Trauma Informed Approach in Schools 

The primary goal of any school is to support every student to achieve their full potential. To effectively meet this goal, all children and young people need to feel supported, safe, and ready to learn. This can be extremely difficult for children and young people who have experienced developmental and relational trauma, attachment disruptions, and/or those who experience mental health difficulties. 

Research indicates that: 

  • Around two thirds of students have experienced trauma before the age of 16, and as many as 13 out of every 30 students in an average classroom will exhibit signs of toxic stress, having been exposed to three or more traumatic experiences. 
  • In 2021, 96% of young people reported that their mental health has affected their schoolwork at some point (Mind, 2021).
  • Children and young people exposed to trauma and adverse childhood experiences can show reduced engagement with school, lower test scores and increased levels of school suspension and exclusion (Blodgett & Lanigan, 2018; Perfect et al., 2016; Shonk & Cicchetti, 2001). 
  • Trusting relationships with ‘emotionally available’ adults are key to supporting children and young people affected by trauma, and adults in schools are ideally placed to meet this need (see, for example, Bellis et al., 2017).
  • A lack of understanding about mental health problems and trauma in schools can result in teachers misunderstanding or misinterpreting a young person’s behaviour and responding punitively. This is often ineffective and can become a barrier to the child or young person accessing beneficial support (Mind, 2021).

Thus, to provide the necessary nurture and support that will allow all young people to feel safe and thrive in the school environment, educators need to be able to recognise the impact of a child’s early experiences on their development, and implement trauma-informed, evidence-based strategies which foster trust, safety, and emotional well-being. 

The Impact of Trauma in Schools

Developmental trauma and/or early attachment disruptions can lead to a young person feeling fearful of others and the world around them. Often, children who experience trauma do so within their relationships with adults/carers who are intended to be their primary source of safety. This leads to the child or young person experiencing high levels of shame, and a difficulty trusting others to keep them safe.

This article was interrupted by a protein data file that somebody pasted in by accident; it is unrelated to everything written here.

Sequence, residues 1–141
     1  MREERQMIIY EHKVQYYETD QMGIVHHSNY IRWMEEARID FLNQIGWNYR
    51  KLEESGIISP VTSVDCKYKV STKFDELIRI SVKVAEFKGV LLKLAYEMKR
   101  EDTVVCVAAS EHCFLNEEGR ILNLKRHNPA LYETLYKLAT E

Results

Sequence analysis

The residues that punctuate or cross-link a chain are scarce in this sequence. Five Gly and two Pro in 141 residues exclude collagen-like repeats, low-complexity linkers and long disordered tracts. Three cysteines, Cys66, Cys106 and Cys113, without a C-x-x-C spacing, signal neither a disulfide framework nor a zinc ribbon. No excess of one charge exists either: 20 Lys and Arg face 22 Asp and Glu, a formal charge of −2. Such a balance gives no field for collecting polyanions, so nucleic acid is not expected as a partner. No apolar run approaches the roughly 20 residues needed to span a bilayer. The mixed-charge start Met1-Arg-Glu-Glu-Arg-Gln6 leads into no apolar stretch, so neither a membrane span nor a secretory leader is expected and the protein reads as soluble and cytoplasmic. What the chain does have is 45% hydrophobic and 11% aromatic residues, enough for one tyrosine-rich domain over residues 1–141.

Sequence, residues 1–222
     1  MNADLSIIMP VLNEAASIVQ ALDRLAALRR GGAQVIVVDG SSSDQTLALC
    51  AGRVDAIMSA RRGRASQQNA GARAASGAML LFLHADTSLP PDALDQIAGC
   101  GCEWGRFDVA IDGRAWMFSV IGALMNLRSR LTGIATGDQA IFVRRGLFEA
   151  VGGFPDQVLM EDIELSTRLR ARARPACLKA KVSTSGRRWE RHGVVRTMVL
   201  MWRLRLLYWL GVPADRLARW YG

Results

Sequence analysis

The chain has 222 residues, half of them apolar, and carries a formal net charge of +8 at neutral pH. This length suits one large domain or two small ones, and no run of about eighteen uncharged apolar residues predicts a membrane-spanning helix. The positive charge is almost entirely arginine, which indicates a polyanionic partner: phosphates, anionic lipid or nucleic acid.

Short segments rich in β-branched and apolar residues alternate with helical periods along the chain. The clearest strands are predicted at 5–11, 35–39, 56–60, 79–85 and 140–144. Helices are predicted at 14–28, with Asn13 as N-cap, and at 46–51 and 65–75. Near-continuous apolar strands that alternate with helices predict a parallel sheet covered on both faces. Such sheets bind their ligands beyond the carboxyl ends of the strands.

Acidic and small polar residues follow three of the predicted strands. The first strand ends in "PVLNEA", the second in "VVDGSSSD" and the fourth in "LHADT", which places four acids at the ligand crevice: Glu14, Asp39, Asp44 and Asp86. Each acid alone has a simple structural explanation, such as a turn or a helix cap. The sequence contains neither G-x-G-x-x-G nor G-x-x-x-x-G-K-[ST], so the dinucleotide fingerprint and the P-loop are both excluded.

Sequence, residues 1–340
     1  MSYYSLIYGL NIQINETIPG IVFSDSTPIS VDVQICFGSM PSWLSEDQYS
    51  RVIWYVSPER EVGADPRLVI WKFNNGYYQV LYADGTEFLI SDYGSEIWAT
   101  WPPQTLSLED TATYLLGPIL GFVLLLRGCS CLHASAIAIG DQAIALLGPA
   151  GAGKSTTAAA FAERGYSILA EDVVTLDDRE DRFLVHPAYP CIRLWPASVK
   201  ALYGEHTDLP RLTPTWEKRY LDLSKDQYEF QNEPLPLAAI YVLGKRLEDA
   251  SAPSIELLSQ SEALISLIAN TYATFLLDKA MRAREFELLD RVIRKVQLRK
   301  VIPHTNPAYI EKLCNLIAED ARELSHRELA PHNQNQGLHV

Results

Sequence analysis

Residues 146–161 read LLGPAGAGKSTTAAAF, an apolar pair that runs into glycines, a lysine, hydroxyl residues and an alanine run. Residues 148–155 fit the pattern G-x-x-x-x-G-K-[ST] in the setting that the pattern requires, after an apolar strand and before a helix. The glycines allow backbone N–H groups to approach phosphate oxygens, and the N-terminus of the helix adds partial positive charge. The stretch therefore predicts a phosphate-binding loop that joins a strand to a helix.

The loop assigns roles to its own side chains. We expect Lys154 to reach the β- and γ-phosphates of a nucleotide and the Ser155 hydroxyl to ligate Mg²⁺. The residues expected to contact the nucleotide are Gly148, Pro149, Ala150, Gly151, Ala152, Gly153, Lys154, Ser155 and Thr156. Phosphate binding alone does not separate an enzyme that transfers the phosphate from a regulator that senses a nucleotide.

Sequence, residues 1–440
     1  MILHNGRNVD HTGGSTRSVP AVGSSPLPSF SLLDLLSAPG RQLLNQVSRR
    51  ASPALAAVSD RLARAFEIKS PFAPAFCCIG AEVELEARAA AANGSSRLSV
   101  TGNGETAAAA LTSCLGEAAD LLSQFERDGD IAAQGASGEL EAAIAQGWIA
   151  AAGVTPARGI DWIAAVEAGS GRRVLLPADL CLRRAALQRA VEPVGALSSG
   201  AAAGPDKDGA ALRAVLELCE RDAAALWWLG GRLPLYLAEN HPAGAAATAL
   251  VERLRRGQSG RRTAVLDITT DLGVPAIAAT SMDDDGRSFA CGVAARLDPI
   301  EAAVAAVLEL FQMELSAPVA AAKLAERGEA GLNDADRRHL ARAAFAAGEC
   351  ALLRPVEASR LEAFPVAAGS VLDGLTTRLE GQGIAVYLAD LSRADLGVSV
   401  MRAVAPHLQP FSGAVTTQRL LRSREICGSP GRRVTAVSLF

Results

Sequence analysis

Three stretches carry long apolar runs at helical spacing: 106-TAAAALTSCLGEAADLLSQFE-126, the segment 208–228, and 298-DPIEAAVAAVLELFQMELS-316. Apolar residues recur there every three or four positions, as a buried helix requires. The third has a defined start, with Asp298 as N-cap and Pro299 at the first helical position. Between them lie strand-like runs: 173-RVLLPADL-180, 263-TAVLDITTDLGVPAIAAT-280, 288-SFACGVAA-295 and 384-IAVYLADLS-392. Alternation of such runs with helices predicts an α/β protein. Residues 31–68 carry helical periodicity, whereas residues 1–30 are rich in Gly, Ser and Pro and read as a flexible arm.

Unable to rely on adults to feel safe, the child’s brain can become heavily focused on surviving what feels like a very scary and chaotic world. As a result, learning social and emotional skills or engaging in learning activities in a classroom setting can be extremely challenging.  Neurobiological research also shows how experiencing trauma in early development can impact a whole range of developmental domains, including learning abilities (i.e., attention, working memory, verbal ability, and comprehension) and relational abilities (for example, challenges with emotional awareness, emotional regulation, and impulsivity); all of which can make engaging with education extremely challenging. 

Trauma Informed Approach in Schools

By implementing trauma-informed practices, we can move beyond a place where a child’s behaviour is seen as problematic and something that needs to be managed, to a place where we are curious about what the behaviour could be telling us. Through this approach, educators can become better informed of each student’s needs, and better able to support their young people to feel safe, supported, and empowered to overcome the challenges they face. 

At Meadows Psychology Service, we understand that transforming a school environment to be truly trauma-informed is a process which requires training, multi-level commitment, ongoing evaluation, reflective practice and fine tuning. That is why we work collaboratively with schools and alternative education settings across the country, providing packages of support that can be specifically tailored to meet the needs of your setting, young people, and their families. Our support can include: